Private Assemblies in .NET

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Private assemblies are assemblies that are used solely by the Web application with which it has been deployed. Private assemblies are required to be located in the main folder as the Web application (bin), or a subdirectory of the Web application. In the example of the Web site that is using the DataComponent, setting the reference to the DataComponent copied the DataComponent assembly to the bin folder of the Web site. Deployment of Web applications that use private assemblies is simply a matter of copying the files to the new location, and creating a Web share, as was done in 2, Solutions, Projects, and the Visual Studio .NET IDE. The common language runtime probes for the DataComponent in the bin folder of the Web application. By default, there is no runtime version control on private assemblies. This means that different versions of the assembly simply can be copied into the bin folder of the Web site. Assuming that the assemblies are compatible, the ASP.NET starts using the new assembly.
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Private assemblies are considered to be the deployment model of choice by some people. Be careful, because although it is simple to deploy assemblies by simply copying the files to the destination, this could become unmanageable as an assembly is used with many applications. Shared Assemblies are covered in this chapter, which is a more manageable choice.
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When working with private assemblies, the common language runtime looks for the assembly in the same folder as the Web application, which is the bin folder. The common language runtime starts by looking for the assembly by its friendly name plus the .dll extension. If the file is not found, the common language runtime attempts to locate the assembly by using its friendly name plus the .exe extension.
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Look for .dll file first
No - Repeat tests, look for .exe file
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Checked for EXE In privatePath defined No Yes No TypeLoadException In private path dir(s)
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Figure 15.5 The probing sequence that the common language runtime uses when locating a private assembly that has no strong name.
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If the assembly is not found in the bin folder, the common language runtime checks for the existence of a folder that has the same name as the assembly s friendly name. If the folder exists, the common language runtime attempts to locate the assembly in that folder. It may be desirable to place all of the referenced assemblies in a common subdirectory. This can be done by placing a probing privatePath directive into the Web.config file as follows:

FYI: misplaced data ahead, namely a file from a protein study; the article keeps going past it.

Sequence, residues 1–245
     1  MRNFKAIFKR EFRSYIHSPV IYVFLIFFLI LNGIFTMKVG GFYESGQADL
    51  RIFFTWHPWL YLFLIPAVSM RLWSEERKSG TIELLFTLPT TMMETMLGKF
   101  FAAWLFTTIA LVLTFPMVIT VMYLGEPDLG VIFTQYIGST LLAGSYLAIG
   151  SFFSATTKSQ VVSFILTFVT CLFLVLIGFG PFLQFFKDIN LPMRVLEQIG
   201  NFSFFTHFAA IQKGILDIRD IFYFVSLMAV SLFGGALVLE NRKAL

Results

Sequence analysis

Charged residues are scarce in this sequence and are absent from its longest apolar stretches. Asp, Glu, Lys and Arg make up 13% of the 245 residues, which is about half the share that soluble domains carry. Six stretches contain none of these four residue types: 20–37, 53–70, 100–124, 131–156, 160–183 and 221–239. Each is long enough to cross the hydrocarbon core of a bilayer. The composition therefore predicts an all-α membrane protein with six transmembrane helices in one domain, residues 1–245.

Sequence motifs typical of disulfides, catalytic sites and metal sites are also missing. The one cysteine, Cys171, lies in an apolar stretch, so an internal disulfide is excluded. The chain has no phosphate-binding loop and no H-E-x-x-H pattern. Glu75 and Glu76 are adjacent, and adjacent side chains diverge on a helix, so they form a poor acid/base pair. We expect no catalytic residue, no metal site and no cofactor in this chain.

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<configuration> <runtime> <assemblyBinding xmlns= urn:schemas-microsoft-com:asm.v1 > <probing privatePath= bin\salesDll;bin\customerDll /> </assemblyBinding> </runtime> </configuration>
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This code sets a lookup path to the bin\salesDll and bin\customerDll folders. If the assembly is not found in the bin folder, the common language runtime looks in the privatePaths that are defined. Figure 15.5 shows the probing sequence that the common language runtime uses when attempting to locate a private assembly that has no strong name. Probing for assemblies is covered in more detail later in this chapter.
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Side-by-Side Versioning
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Copying over the assembly in one Web application does not affect private assemblies for other Web sites. This means that version 2.0.0.0 of the DataComponent assembly can be running in one Web site, and version 3.0.0.0 of the DataComponent assembly can be running in a different Web site on the same computer. Side-by-side versioning was impossible when using traditional COM components, because the Registry contained the location information for a COM component, and there was only one setting for any given COM component. With the .NET Framework, no Registry entries need to be made for the common language runtime to locate an assembly. This eliminates the problem that COM components had, whereby an older version of a .dll file was installed on a system and caused the newer programs that used a newer version of the .dll file to break. This was commonly referred to as DLL Hell.
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